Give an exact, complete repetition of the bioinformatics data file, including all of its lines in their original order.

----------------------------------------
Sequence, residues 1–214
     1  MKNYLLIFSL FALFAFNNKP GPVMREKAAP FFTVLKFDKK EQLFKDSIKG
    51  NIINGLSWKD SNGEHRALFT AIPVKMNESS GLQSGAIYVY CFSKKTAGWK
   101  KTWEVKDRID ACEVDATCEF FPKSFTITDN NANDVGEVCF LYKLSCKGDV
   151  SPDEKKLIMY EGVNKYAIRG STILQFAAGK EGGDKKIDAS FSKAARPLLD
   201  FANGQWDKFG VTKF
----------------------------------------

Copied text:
Sequence, residues 1–214
     1  MKNYLLIFSL FALFAFNNKP GPVMREKAAP FFTVLKFDKK EQLFKDSIKG
    51  NIINGLSWKD SNGEHRALFT AIPVKMNESS GLQSGAIYVY CFSKKTAGWK
   101  KTWEVKDRID ACEVDATCEF FPKSFTITDN NANDVGEVCF LYKLSCKGDV
   151  SPDEKKLIMY EGVNKYAIRG STILQFAAGK EGGDKKIDAS FSKAARPLLD
   201  FANGQWDKFG VTKF